Europeans want a stronger EU in global affairs but not as top priority, poll shows

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European citizens want the European Union to have a stronger role in international affairs but the goal is not considered a top priority.

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This is one of the main conclusions from an exclusive Euronews poll conducted by Ipsos among almost 26,000 respondents across 18 member states ahead of the elections to the European Parliament, which will be held between 6 and 9 June.

The first-of-its-kind survey shows that 40% of Europeans see the strengthening of the bloc’s global weight as a “priority” while 42% believe this should be “important but not a priority.” Only 18% of respondents see the objective as “secondary.”

The results reflect a growing awareness of diplomacy after years of back-to-back crises, including the COVID-19 pandemic, Russia’s full-scale invasion of Ukraine and the Israel-Hamas war, which have seen the EU take a more prominent presence in multilateral fora and coordinate its response with its Western allies.

Challenges like climate change, irregular migration, fake news and the rapid ascent of artificial intelligence, all of which exceed national borders, have further reinforced the narrative that Europe cannot manage the 21st century on its own nor afford to stand on the sidelines.

Upon becoming president of the European Commission, Ursula von der Leyen promised her executive would be “geopolitical” and have a greater say on the global stage.

“We will invest in alliances and coalitions to advance our values. We will promote and protect Europe’s interests through open and fair trade. We will strengthen our partners through cooperation because strong partners make Europe strong too,” von der Leyen said in 2019 while making her pitch to the European Parliament.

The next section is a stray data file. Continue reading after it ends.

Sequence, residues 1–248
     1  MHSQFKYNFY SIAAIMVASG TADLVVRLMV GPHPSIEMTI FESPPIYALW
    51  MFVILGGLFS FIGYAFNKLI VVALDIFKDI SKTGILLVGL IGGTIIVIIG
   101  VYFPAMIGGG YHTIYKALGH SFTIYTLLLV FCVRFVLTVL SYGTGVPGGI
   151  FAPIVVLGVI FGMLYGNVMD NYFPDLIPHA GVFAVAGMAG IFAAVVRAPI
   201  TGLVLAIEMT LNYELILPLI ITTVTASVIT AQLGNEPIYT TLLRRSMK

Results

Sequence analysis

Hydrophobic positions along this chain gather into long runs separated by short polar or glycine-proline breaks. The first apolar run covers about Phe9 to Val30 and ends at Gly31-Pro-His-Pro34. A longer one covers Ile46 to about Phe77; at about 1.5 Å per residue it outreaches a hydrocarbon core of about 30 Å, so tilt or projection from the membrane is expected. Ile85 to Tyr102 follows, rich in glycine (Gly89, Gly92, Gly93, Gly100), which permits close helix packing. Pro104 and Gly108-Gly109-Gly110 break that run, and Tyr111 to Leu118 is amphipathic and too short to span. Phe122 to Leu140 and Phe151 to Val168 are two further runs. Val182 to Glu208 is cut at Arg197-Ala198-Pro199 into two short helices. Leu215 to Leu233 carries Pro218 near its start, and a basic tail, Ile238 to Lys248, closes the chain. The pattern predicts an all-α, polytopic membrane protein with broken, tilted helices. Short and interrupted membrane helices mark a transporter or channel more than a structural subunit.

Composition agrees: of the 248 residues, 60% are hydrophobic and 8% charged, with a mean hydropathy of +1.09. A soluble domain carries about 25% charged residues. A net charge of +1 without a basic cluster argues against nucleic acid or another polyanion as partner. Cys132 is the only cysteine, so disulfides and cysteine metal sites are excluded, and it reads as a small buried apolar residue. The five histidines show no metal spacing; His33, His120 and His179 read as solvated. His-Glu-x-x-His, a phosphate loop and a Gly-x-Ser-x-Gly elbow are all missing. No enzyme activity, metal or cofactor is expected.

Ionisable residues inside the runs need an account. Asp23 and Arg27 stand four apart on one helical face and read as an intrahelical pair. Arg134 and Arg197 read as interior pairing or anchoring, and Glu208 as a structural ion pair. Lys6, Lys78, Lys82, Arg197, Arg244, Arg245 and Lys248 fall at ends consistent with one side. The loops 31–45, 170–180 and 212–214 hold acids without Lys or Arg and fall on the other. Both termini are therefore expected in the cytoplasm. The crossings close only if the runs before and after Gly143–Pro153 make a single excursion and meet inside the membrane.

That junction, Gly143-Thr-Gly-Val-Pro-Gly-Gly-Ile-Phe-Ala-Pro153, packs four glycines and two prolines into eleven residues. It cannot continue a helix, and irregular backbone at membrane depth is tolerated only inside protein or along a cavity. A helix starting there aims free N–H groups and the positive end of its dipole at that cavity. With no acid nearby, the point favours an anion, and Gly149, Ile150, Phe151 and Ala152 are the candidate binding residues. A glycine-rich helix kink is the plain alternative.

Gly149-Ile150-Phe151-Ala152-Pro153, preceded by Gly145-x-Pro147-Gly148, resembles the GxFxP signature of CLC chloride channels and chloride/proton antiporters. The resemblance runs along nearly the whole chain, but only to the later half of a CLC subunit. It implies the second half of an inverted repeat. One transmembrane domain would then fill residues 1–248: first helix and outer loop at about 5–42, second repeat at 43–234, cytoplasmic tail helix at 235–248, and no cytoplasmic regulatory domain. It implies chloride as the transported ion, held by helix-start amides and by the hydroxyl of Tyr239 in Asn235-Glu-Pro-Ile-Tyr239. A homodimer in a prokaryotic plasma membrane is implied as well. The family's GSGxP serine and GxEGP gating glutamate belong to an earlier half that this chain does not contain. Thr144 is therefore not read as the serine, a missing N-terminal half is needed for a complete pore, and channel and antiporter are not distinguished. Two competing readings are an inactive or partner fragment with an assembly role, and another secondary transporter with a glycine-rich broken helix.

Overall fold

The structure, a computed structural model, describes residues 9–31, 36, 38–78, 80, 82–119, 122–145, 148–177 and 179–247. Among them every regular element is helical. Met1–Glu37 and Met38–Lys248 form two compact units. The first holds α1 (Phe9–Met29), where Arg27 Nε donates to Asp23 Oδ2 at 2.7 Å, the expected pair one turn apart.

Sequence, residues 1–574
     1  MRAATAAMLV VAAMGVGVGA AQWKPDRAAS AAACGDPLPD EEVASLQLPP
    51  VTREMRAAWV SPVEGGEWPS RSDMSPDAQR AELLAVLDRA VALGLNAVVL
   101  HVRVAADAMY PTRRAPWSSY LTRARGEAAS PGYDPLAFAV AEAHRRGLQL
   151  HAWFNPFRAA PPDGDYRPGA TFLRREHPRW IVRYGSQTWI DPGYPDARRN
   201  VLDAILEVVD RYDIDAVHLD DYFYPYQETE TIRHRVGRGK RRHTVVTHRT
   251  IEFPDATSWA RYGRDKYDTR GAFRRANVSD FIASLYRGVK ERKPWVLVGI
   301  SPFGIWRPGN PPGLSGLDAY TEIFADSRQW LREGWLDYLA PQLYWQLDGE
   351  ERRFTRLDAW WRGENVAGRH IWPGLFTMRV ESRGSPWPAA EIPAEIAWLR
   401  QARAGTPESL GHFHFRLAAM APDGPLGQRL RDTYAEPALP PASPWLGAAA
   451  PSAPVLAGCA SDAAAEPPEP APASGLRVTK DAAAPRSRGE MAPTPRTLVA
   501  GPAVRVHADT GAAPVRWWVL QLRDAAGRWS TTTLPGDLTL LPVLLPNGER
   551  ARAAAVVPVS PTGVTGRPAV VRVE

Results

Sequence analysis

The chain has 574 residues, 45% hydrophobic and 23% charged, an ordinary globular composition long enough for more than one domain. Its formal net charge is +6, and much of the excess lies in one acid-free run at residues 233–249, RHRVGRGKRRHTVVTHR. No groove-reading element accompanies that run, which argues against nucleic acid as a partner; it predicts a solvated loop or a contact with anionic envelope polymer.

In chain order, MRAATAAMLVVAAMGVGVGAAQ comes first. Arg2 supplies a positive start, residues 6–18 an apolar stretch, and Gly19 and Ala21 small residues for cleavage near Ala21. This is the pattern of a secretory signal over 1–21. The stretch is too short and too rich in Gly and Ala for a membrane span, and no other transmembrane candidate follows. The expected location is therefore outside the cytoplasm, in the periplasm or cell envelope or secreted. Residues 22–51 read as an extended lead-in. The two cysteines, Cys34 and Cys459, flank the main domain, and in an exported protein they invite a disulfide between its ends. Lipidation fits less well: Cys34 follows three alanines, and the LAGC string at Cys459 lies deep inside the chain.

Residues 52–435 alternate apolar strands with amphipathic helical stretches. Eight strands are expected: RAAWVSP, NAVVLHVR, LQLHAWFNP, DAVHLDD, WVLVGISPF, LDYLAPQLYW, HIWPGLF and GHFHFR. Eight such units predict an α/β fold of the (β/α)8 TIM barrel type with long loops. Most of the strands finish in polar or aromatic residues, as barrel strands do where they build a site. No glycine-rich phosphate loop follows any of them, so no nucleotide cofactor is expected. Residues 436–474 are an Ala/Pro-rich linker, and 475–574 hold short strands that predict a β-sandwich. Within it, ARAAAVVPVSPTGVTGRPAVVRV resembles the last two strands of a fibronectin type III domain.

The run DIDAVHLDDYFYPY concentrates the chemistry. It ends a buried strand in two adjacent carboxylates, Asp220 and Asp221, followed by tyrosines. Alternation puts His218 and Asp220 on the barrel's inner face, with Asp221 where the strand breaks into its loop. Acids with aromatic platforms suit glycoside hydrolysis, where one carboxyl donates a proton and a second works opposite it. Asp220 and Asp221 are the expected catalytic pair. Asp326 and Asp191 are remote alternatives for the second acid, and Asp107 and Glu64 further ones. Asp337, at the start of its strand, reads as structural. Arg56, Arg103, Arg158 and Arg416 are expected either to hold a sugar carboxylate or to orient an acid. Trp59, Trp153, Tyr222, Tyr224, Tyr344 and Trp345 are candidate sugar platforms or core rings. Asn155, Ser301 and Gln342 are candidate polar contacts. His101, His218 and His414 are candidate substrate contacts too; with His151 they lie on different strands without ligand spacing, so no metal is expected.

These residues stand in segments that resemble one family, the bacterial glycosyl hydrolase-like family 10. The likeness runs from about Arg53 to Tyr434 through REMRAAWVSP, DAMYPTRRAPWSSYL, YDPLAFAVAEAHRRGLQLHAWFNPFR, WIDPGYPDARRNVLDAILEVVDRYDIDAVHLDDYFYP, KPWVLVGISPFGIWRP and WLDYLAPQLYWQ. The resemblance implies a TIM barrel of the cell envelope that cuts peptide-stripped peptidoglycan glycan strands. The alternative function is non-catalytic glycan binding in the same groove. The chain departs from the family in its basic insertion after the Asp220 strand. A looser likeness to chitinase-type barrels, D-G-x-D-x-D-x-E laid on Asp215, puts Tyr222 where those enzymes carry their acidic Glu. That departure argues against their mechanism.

“My Commission will not be afraid to speak the language of confidence. But it will be our way, the European way. This is the geopolitical Commission that I have in mind, and that Europe urgently needs.”

Almost five years later, Europeans appear to share her view, although with less intensity.

The most ardent proponents for a stronger Global Europe are found in Portugal (where 56% say “priority”), Bulgaria (50%) and Spain (49%). The highest shares of those who believe this should be “secondary” come from Poland (28%), Romania (25%) and France (21%), a country with a permanent seat in the UN Security Council.

In Hungary, where Prime Minister Viktor Orbán has sought to break ranks with Brussels when it comes to foreign policy, a majority of 55% choose the option of “important but not a priority,” the highest percentage for this answer.

When looking at voting intention ahead of the June elections, the declared supporters of the four pro-European parties are the likeliest to consider boosting the EU’s international role as a “priority”: the European People’s Party (50%), the Socialists & Democrats (50%), the liberals of Renew Europe (51%) and the Greens (47%). 

By contrast, 35% of those who back the hard-right European Conservatives and Reformists group (ECR) and 25% of those who endorse the far-right Identity and Democracy (ID) believe this ambition should be a “priority.” 

Moreover, 38% and 45% of ECR and ID supporters, respectively, say this should be “important but not a priority.” The remainder (27% and 30%, respectively) see it as “secondary.”

Overall, among the 10 courses of action surveyed by Ipsos, strengthening the bloc’s global clout ranks eighth, above aid to Ukraine and the protection of minorities.



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